The Maltese Diet
While in Malta, eat as the Maltese do.
Some things in life are just simple fact; the sky is blue, the grass is green and Maltese people love food. Perhaps our love for food stems from our vibrant and rich history that we share with so many different cultures, or maybe loving food is just the Mediterranean way. Whatever reason, all we know for sure is that our diet is diverse and distinct.
There are very few items off the food pyramid that the Maltese do not include in their daily diet. With fresh local produce that enables our talented cooks to make a plethora of creative and celebrated dishes, the Maltese diet is a wonder to behold.
While proteins and fruit are staple ingredients, the foundations of many Maltese dishes are built on carbohydrates. Be it pizza, pasta or pastizzi, carbs are an integral component of Maltese dishes. This is not to say that Coeliac and gluten-free diners need to worry, as most dishes are also available as gluten-free from many restaurants.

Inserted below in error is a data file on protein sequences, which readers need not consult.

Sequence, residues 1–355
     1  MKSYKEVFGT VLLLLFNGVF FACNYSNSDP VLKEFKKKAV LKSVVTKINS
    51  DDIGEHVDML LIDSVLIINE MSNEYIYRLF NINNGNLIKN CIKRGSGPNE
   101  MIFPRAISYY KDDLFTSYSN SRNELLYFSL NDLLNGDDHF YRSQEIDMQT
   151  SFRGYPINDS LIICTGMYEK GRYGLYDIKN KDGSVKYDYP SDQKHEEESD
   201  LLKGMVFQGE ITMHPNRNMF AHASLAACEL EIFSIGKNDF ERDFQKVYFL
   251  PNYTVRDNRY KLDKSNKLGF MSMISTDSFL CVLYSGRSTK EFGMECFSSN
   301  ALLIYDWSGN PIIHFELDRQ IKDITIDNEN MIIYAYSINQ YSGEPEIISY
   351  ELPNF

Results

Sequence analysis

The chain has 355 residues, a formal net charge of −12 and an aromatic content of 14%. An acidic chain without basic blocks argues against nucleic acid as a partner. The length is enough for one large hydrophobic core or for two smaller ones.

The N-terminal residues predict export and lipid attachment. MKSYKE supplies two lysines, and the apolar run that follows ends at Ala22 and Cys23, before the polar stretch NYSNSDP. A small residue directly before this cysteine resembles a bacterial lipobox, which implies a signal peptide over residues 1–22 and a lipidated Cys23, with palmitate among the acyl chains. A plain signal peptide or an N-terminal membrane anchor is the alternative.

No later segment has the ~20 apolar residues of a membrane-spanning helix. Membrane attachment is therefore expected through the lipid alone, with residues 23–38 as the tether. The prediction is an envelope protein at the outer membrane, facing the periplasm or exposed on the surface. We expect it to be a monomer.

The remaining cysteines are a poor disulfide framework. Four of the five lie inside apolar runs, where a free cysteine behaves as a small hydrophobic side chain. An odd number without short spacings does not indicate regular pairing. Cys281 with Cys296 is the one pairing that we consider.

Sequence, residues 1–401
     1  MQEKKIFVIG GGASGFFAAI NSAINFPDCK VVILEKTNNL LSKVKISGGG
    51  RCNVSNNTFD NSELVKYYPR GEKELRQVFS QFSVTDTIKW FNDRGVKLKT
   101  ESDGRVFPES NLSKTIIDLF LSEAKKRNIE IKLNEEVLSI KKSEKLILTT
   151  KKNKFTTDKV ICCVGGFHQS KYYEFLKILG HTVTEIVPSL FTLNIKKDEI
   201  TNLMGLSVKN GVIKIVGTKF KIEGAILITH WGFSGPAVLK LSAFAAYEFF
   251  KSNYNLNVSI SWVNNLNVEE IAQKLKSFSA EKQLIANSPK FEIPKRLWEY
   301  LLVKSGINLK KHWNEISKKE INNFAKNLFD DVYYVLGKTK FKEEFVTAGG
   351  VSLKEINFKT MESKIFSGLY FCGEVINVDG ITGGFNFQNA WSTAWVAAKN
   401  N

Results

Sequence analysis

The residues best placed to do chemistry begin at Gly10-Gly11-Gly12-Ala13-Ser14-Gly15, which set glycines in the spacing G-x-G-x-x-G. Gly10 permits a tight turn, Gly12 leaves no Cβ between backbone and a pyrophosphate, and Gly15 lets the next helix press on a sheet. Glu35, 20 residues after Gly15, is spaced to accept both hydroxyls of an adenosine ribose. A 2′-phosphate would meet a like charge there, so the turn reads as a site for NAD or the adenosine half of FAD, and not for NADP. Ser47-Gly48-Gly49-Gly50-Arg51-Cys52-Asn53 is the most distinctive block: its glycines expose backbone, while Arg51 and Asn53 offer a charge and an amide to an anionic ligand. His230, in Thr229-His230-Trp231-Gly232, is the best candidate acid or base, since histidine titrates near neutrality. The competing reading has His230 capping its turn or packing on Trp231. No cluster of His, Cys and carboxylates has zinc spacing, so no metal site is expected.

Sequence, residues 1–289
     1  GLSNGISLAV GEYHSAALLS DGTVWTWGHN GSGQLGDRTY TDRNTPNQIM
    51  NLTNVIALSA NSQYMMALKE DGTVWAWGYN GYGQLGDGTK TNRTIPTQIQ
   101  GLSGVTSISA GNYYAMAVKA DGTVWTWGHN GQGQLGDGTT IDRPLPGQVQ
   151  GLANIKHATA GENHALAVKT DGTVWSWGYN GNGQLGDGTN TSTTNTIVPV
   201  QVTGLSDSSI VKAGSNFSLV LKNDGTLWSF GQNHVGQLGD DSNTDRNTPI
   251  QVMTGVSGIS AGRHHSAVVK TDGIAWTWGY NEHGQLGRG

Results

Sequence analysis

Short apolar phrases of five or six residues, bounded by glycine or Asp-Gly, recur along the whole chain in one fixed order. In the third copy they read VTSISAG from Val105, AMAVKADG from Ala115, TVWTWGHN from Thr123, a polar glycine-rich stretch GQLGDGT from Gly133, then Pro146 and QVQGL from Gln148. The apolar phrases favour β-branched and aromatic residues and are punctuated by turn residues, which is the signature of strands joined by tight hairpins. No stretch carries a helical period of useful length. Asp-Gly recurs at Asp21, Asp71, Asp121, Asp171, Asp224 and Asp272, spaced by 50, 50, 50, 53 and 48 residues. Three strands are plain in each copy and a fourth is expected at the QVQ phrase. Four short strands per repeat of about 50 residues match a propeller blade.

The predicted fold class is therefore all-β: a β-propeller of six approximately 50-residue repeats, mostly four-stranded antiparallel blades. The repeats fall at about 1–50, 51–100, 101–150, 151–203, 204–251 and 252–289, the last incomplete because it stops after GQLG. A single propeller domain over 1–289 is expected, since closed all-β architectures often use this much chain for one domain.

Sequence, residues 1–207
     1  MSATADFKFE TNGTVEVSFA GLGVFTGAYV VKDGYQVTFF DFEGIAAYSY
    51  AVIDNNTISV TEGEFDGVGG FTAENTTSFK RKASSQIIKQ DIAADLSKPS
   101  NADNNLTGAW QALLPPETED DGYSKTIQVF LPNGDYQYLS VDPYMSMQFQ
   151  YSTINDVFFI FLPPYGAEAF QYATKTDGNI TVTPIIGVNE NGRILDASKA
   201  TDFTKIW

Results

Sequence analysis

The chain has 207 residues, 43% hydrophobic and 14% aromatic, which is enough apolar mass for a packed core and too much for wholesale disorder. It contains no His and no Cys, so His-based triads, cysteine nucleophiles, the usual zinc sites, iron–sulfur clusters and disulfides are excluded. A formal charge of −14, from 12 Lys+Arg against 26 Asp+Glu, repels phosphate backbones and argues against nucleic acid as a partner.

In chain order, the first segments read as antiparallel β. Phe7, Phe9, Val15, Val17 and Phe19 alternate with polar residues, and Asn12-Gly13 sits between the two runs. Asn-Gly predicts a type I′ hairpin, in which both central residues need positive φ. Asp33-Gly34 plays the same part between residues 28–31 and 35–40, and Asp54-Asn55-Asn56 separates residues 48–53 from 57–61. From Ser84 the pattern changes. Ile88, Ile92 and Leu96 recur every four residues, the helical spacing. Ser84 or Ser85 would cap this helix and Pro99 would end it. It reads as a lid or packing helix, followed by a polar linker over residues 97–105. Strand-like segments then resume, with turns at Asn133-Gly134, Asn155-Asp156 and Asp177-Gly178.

When we’re not consuming carbs, the Maltese love their fresh produce. A typical and well-loved vegetable dish is minestra, a soup that is not just nutritious, but filling too! Speaking of vegetables, fresh local produce is usually prepared as a starter or a side dish in the form of a casserole. In fact, kapunata is a classic side dish that is extremely popular. This being Malta’s interpretation of the famous French dish, ratatouille, is a tomato-based sauce that incorporates aubergines, peppers and an assortment of other vegetables.
As for our protein intake, Maltese dishes are usually based on beef, pork, chicken or fish. For instance, some local favourites would have to be bragioli, roast pork or chicken, and beautifully grilled fish. While these different types of meat are absolute staples in our diet, the Maltese also enjoy some atypical meat dishes including rabbit and horsemeat. It may seem out of the ordinary but these two dishes are renowned traditional meals, and are truly delicious in the hands of the best cooks.